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By Gary D. Sprague, Esq.
Baker & McKenzie LLP, Palo Alto, CA
At 11 p.m. on Thursday, December 3, 2015, the Australian Parliament was called into special session to consider and vote on a proposed Multinational Anti-Avoidance Law (MAAL). With alacrity, both houses of Parliament approved the bill that night. Royal assent followed within a week. The law became effective for income earned starting January 1, 2016, merely four weeks after Parliamentary approval.1
This commentary will reflect on the challenges for good tax administration raised in cases where a national Parliament enacts legislation specifically designed to encourage taxpayers to restructure their business models in the country in a certain way, but with which it is impossible for those taxpayers to comply by the effective date.
The MAAL expressly applies only to the largest groups, as its statutory threshold is A$1 billion of "annual global income." In announcing the legislative proposal, the then Australian Treasurer, the Hon. Joe Hockey, made it clear that the legislation was targeted at "multinationals" (but presumably not Australian ones).2 Mr. Hockey ramped up the pressure through public comments indicating the strong intention of the government to pursue enforcement actions under the MAAL.3
The law is part of the anti-avoidance provisions of the corporate income tax law. This is significant, as this anti-avoidance foundation of the new law provides the basis for the government's view that the application of the MAAL is not limited by the terms of any of Australia's numerous tax treaties. Further, the anti-avoidance provisions allow for a subjective assessment of a taxpayer's intent, and the taxpayer carries the burden to disprove the Australian Tax Office's (ATO's) determination of the objective dominant purpose for entering into the arrangement.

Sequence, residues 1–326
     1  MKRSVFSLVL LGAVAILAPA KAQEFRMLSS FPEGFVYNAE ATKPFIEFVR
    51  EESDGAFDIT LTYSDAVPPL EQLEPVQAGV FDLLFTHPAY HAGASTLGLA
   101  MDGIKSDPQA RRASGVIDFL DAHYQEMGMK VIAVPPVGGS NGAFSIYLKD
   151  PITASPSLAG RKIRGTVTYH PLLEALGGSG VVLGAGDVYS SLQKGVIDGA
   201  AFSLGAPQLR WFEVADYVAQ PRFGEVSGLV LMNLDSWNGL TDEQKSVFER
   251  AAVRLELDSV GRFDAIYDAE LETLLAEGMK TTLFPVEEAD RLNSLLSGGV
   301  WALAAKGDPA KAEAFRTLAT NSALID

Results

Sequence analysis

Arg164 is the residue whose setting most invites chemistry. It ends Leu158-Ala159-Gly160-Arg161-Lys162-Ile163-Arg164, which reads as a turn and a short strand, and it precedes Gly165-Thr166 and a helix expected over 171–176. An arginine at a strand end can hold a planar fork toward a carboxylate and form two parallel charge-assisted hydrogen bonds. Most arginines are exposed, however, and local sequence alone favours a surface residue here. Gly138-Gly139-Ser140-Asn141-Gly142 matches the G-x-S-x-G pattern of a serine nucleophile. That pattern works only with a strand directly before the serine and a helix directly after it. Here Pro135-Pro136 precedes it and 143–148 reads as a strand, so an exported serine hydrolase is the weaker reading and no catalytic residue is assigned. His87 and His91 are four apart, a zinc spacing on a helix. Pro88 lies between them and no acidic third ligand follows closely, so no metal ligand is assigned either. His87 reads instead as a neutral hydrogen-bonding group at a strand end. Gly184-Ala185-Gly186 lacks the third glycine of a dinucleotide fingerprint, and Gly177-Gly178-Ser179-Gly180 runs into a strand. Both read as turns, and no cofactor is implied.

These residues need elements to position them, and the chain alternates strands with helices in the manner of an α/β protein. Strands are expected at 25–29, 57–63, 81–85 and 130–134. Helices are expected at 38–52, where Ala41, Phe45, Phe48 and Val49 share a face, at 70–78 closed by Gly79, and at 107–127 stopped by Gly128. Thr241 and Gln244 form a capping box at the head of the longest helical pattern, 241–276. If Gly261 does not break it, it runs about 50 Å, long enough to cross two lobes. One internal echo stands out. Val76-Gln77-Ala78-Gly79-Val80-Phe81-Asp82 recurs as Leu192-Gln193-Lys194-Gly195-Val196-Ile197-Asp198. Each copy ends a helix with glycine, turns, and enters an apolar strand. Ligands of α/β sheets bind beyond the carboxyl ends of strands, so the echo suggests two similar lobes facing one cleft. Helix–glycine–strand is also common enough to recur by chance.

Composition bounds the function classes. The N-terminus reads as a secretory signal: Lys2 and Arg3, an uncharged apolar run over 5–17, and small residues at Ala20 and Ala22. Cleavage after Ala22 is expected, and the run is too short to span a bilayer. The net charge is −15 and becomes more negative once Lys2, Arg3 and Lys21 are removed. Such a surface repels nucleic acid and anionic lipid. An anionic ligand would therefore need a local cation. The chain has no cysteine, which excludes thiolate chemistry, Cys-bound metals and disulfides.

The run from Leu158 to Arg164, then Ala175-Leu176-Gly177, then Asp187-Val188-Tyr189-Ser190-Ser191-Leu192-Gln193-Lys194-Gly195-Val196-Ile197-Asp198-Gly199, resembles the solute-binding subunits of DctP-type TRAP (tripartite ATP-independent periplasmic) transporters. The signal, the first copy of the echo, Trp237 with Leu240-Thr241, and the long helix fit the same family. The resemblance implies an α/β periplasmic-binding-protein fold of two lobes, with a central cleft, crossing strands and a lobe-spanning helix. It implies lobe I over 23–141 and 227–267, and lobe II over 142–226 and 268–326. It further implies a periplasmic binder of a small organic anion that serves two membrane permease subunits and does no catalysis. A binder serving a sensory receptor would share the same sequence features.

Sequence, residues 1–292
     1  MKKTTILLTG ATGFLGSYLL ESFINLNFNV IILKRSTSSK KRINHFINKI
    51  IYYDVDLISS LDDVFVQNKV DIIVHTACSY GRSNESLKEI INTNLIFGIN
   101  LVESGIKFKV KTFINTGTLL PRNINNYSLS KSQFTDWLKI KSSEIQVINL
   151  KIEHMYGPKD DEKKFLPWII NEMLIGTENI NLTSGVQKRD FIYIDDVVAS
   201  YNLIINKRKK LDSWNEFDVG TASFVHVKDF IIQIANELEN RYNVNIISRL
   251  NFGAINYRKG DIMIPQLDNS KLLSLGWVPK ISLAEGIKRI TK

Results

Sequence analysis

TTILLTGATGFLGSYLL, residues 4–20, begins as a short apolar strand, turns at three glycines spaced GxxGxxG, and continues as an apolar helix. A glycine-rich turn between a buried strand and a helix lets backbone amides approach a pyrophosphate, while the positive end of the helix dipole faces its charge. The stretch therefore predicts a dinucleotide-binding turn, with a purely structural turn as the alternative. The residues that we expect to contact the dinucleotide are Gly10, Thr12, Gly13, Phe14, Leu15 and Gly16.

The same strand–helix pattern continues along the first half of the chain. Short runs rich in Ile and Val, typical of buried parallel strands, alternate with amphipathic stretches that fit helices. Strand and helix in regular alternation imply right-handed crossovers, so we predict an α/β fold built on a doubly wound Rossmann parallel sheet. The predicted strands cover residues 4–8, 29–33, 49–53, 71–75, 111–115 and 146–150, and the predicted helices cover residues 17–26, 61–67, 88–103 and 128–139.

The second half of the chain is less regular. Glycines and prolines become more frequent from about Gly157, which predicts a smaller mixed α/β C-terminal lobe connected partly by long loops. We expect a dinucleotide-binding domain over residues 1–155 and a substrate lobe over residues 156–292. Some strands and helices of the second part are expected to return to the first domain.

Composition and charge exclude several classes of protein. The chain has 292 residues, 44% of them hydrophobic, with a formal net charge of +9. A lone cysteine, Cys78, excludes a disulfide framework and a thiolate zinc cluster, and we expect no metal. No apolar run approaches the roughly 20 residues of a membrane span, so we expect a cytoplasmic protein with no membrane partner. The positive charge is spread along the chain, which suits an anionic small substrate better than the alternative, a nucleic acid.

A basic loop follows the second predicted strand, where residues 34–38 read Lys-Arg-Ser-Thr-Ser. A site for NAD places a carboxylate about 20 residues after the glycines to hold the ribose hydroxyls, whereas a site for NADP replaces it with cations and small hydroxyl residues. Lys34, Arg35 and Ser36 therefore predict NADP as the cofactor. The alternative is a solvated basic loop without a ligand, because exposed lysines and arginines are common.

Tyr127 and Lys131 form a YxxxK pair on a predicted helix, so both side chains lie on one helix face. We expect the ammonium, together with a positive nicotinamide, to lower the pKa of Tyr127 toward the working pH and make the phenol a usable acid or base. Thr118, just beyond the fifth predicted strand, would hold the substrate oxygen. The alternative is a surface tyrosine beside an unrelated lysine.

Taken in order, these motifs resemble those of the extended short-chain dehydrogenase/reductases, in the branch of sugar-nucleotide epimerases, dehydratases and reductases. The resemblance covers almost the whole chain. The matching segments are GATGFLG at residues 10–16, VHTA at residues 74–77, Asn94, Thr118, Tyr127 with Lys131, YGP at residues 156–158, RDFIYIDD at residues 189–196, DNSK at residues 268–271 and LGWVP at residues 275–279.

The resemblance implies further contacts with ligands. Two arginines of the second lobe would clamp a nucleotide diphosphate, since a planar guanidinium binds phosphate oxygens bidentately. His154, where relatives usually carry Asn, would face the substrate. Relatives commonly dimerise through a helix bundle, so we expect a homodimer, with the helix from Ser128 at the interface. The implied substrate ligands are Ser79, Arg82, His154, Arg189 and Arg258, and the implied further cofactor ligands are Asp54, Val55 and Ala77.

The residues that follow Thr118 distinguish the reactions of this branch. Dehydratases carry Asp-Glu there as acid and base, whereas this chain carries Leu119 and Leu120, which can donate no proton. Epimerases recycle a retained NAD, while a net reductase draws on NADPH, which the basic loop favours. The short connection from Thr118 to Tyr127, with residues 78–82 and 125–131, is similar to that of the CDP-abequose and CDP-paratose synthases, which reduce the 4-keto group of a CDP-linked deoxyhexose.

This enforcement orientation was magnified through the provision of noticeably stiff penalties. The prescribed maximum penalty of up to 120% of the assessed tax is specifically designed to be twice what would otherwise be payable by taxpayers undertaking schemes subject to the general anti-avoidance rules. As a consequence, the penalties are higher than most other penalty provisions in Australian tax law. This arsenal of enforcement mechanisms showed that the Australian Parliament meant business.
Taxpayers immediately began to consider various structural alternatives to their current Australian sales operations. The legislation is focused on commercial structures where a nonresident makes a supply of goods or services directly to Australian purchasers through group structures where "activities are undertaken in Australia directly in connection with the supply" by an Australian entity associated or commercially dependent on the foreign supplier. The two most obvious restructuring alternatives which will take the Australian operations outside the scope of the new law are: (1) to convert the local sales operations into a reseller of the group's goods or services to the Australian market, so as to eliminate the direct supply from a nonresident entity; or (2) to reduce the amount of sales and marketing activity conducted in Australia, with the goal of falling below the threshold of onshore customer facing activity "in connection with the supply."4